And the world’s richest person is a pauper at times,
Compared to the one with a satisfied mind.
When my life is over and my time has run out,
All my friends and my loved ones I’m gonna leave them no doubt.
But there’s one thing for certain, when it comes my time,
I’m gonna leave this old world with a satisfied mind.
I hate the need to write this blog post. It is late. I am tired. But we need to think about this man tonight.
Not only is this post about the passing of a country music legend and Grand Ole Opry Star, but it is also about the continuing footsteps that lead to the end of an era. The death of Porter Wagoner, the best ambassador the Opry had, is sad in and of itself. The tall singer with flashy clothes and a strong sense of humor was an essential part of the Nashville story. But with his passing we are also witnessing the turnover of the Opry to the new faces. The old way of making it to stardom and decades of fame is nearing an end. The traditions that made the Opry what it is today are slipping away.
Porter Wagoner made it to the top the old fashioned way. One song at a time.
In the Ozarks where Porter was born in 1927 came a down to earth way of living and talking. His music never strayed far from the basic themes of how he lived life. Those same themes are common to traditional country music. While working in a meat shop in West Plains, Missouri he delivered his hopes via music over KWPM.
His small band played over the airwaves from the store! When I talk of an era passing this is part of what I mean. One can image the Ken Burns imagery of black and white pictures showcasing the way singers once found their niche in the music industry. No slick promotions or well-heeled promoters. Only real talent and ambition were needed, along with a dose of luck. With limited money, but boundless desire, Porter moved to a radio station in Springfield, Missouri where an RCA recording contract soon followed. Even then sales were sparse, and it was not until 1957 that he first stepped on the stage at the Ryman Auditorium.
The other reason the Porter Wagoner story is important is the many ways he proved his talent. From those butcher shop radio shows on the one hand, to 19 years on television with “The Porter Wagoner Show” on the other hand, he proved he had the knack for entertaining. There were nearly 700 thirty-minute shows recorded from 1960-1979. Doubtless many of my readers have seen at least one! The ease that Porter demonstrated as an entertainer is most evident in these TV shows, as it was each weekend on the Opry stage. I am sure if one could hear the old radio shows from the early 1950’s there would be the hint of assuredness and raw talent that were perfected in the following decades of his career.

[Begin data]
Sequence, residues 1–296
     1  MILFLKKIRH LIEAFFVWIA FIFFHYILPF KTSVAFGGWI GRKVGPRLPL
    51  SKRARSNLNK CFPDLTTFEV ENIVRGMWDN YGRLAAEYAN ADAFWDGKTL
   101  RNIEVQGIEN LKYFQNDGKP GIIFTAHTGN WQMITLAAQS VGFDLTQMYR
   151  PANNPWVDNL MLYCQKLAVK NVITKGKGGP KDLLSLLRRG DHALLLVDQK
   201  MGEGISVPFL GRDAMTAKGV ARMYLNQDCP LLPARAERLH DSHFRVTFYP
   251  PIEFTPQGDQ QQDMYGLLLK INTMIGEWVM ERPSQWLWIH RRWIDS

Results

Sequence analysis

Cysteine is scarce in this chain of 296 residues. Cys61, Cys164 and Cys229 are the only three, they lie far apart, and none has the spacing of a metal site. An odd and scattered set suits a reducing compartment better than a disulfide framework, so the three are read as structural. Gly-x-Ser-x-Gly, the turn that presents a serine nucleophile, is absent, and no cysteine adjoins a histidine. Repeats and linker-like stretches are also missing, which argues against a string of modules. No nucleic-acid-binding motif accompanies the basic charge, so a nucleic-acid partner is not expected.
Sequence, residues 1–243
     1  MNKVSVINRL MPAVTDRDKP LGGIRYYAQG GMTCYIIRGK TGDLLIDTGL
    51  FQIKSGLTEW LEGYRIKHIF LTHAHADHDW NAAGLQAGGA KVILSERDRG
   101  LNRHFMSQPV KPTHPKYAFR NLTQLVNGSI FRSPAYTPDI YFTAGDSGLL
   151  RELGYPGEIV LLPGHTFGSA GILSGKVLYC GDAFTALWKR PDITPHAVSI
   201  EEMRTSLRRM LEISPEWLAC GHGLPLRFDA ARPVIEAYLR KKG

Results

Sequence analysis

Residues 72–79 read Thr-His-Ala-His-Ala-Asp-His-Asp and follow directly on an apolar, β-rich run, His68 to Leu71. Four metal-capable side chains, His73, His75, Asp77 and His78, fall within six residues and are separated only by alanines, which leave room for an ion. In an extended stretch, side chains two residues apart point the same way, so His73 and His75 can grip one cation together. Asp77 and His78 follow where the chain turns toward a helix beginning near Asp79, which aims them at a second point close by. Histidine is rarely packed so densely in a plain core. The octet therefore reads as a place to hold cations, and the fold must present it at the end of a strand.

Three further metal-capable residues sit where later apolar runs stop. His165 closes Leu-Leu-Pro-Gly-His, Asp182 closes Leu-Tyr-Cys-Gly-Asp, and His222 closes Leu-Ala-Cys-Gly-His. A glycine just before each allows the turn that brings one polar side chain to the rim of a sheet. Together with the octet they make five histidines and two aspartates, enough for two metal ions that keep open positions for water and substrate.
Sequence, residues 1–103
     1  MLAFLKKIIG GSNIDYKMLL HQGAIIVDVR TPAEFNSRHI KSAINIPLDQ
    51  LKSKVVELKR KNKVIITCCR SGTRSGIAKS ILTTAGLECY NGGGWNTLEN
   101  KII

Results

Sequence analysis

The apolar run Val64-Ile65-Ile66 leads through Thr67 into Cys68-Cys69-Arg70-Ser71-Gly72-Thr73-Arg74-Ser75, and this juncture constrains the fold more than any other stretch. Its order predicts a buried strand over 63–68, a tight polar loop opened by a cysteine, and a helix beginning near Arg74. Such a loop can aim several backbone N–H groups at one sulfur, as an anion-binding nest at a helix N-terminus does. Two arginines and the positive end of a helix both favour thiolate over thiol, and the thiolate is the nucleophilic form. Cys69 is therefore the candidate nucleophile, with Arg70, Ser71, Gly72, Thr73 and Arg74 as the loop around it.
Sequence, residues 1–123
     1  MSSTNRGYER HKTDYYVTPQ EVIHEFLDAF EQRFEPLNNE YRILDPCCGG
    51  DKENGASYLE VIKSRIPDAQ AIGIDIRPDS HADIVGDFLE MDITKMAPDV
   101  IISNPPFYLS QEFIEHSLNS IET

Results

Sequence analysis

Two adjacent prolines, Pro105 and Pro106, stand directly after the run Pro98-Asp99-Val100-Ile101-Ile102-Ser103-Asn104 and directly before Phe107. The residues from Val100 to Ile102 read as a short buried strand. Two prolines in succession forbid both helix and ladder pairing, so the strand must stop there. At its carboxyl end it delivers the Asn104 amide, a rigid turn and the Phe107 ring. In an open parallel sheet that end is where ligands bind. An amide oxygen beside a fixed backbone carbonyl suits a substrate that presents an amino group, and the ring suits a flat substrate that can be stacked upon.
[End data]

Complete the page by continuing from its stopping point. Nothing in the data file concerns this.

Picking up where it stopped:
Perhaps many know Porter best for his famous duets with Dolly Parton on the RCA label. At times the personal nature of their professional relationship transcended the music, but late in the 1980’s the two patched up remaining differences. In fact, it was Dolly who inducted Porter into the Country Music Hall of Fame in 2002.
The style, flash, and smile that Porter brought with him to the stage was reflected back to him with warm applause and appreciation night after night on the Opry stage, and other venues around the nation. When he appeared in Wisconsin about 15 years ago he bounded on the stage wearing one of his famous Nudie suits that was his trademark. After a long performance he lingered and met the fans. One by one they shared a memory with him and took home an autograph and snapshot. I still recall that night how he seemed utterly content to stay as long as his fans kept talking. I left with an old album cover signed and a deeper appreciation for the man behind the music.
He never forgot how hard it was to make it in the business back in the early days of his career. And because of that he never took his fans for granted.
There are a dwindling number of the old style Opry members, and with each one that moves on to the biggest stage yet, we are left with only memories. So today I write not only about Porter, but also about the larger loss for the Grand Ole Opry.
As the final days approached Porter displayed the side of him that we knew existed all along. As the Washington Post reported he was thankful and satisfied with life.
Country singer and Opry member Dierks Bentley visited Wagoner in the hospice over the weekend and said Wagoner led them in prayer, thanking God for his friends, his family and the Grand Ole Opry.
We will not see one like Porter grace the Opry stage again.
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10 thoughts on “Porter Wagoner Made It To Fame With A Satisfied Mind”
Dear Mr. Wagner, You will surely be missed. Your legacy will live on. May God Bless You!
Red Bay, Alabama
he will be miss a lot we At Harley Radio will miss His music
Thanks for the blog on Porter.He was one of the greats and will surely be missed.
Today is a sad day in the world of country music, and in the hearts of many fans. Another legend passed away on Sunday night, Mr. Porter Wagoner. Country will never be the same.
As countless tributes and memorials will be forthcoming over the next week, and as many already have, I’m going to take a different path with mine. I loved the music Porter gave us, and I can’t count the smiles he out on my face sitting in the audience at the Opry. His legacy stands for itself, and will forever. I’m going to take this a different route, one that I think he’d approve of, though he’d never have said this himself.
I’m tired. I’m embarrassed. And I’m ashamed. We should all be. Again, we got too busy, too driven by success, and we forgot. We forgot about Porter, the same way we forgot about Johnny, the same way we forgot about Buck. Porter Wagoner was an institution in country music. Recently, his 50 years as a cast member of the Grand Ole Opry was celebrated. He released his final album, Wagonmaster, and what I believe will be his enduring single, Comitted to Parkview. And we hardly noticed. If CMT and country radio is your connection to country music, then you probably didn’t notice at all. Save the sites that have vision and roots, the coverage was minimal. Same for Buck and Johnny. Same for Waylon. Tammy. I could go on and on. We concentrate on the here and now so much, that we forget we have a past. A past filled with icons, without whom we would not be where we are today.